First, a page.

Since January, three artists have been working with Tawiah M’Carthy, Philip Geller, and guest mentors to develop new works, and hone both artistic and producing skills. At our Queer Pride Festival, the ECU artists share a sneak peek into their projects and processes.

Now in its fifteenth year, the ECU offers an intensive, process-focused opportunity for emerging performance creators to develop their artistic practice and producing skills through the creation of a new project. 

27 Club
by Ajahnis Charley

The year is 2046, and folks hitting the age of 27 have to prove their worth… or die. Combining sketch with playwriting, this dark comedy, speculative fiction piece digs into the pressures of youth, and the value of comedy.

Park Life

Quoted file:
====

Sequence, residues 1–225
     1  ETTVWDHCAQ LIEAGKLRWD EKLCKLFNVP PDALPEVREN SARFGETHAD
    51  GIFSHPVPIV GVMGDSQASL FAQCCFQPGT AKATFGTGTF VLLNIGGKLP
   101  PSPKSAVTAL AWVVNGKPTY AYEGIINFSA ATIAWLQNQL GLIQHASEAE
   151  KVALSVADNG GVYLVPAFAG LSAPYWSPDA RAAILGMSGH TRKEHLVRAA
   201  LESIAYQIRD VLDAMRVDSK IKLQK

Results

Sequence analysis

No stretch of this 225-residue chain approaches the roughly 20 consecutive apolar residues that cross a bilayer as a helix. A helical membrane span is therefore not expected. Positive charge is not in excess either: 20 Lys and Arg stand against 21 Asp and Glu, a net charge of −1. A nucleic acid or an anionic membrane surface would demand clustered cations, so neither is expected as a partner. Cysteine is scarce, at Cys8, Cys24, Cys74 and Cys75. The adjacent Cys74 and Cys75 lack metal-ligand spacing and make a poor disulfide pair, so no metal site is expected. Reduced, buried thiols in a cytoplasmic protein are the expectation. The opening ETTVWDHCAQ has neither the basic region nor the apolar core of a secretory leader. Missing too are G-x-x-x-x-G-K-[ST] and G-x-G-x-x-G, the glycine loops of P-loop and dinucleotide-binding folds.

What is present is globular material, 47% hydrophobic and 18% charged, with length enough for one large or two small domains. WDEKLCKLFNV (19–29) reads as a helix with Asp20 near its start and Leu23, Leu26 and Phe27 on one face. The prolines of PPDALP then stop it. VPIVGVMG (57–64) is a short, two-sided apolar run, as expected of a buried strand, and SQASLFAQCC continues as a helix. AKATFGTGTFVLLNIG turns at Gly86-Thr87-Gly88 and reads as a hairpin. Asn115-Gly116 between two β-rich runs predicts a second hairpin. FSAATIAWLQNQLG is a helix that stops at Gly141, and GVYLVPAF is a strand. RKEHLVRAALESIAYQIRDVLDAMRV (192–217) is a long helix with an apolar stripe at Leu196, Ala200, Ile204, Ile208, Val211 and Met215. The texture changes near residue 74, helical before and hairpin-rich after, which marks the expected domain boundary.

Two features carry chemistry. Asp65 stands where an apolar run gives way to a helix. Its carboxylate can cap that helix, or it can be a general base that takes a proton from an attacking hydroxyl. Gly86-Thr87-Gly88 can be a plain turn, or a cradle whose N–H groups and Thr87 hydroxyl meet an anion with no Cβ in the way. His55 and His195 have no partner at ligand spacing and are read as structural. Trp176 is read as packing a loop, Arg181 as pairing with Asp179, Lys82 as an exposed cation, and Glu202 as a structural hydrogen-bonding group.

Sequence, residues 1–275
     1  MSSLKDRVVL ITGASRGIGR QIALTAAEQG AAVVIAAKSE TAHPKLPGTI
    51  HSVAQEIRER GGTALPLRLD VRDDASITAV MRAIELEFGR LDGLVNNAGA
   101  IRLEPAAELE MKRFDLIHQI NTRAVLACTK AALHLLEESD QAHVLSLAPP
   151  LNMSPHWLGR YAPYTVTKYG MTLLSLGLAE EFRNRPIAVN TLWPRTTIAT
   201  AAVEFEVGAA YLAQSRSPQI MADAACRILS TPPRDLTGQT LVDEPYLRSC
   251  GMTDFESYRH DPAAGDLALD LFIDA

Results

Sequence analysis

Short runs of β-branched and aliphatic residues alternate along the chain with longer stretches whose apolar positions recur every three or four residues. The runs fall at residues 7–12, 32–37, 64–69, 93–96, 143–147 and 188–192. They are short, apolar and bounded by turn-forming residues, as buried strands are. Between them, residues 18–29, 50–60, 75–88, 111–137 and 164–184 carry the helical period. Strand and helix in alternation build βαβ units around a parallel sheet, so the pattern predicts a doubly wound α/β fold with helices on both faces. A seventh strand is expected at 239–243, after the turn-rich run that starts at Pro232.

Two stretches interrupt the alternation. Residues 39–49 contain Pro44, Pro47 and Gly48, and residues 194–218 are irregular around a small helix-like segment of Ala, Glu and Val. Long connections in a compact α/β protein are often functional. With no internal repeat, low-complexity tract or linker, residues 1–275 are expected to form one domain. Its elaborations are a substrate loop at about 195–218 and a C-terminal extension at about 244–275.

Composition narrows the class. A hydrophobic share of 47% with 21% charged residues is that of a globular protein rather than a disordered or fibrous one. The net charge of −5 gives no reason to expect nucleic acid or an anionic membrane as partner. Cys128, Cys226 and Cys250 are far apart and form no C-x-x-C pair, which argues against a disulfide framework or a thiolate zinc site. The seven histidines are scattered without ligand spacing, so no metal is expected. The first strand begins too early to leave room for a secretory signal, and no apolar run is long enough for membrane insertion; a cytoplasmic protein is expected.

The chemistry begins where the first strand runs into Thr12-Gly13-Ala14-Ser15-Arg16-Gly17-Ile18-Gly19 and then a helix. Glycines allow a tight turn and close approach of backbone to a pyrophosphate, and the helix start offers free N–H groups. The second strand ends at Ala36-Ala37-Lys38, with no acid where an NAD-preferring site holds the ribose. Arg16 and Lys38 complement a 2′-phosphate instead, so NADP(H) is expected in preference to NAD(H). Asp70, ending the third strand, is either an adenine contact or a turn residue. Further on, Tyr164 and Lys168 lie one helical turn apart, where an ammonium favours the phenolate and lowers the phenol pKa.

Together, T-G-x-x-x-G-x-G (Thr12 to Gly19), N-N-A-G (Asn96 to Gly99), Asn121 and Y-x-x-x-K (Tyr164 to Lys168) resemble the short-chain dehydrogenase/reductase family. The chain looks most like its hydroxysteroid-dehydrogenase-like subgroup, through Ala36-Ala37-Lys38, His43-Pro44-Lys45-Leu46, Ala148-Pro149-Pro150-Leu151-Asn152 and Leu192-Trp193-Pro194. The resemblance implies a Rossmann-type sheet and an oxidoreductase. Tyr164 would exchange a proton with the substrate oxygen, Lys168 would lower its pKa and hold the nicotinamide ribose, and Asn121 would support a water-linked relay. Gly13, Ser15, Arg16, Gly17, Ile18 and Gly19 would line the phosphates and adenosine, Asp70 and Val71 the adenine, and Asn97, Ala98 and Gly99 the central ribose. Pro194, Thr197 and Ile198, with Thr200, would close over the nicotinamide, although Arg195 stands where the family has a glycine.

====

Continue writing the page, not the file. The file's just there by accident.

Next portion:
by Janis Mayers

Blending physical theatre, poetry, and in situ wanderings, Park Life follows Jade’s recovery from addiction alongside the revitalization of her neighbourhood, Regent Park. The paths diverge as the quick fixes of gentrification are contrasted with long-term healing and renewal.

Whose Land is it Anyway?

by Weird Alice

Weird Alice brings a QTBIPOC twist to classic 1970s game show tropes. This interactive, fever-dream piece asks audiences to see the real life of impacts of their consumption of other cultures.


Emerging Company-in-Residence Projects

In January, Buddies welcomed its first-ever Emerging Company-in-Residence at Buddies. Deaf BIPOC artists Gaitrie Persaud Dhunmoon and Courage Bacchus have been working with Buddies staff and outside mentors to gain experience in script development, grant-writing, workshop planning and facilitation, and communications - using their play, The Two Natashas, as a focal point and case study. 

Finding Community in Deaf Queer Women Spaces
June 22, 7PM ET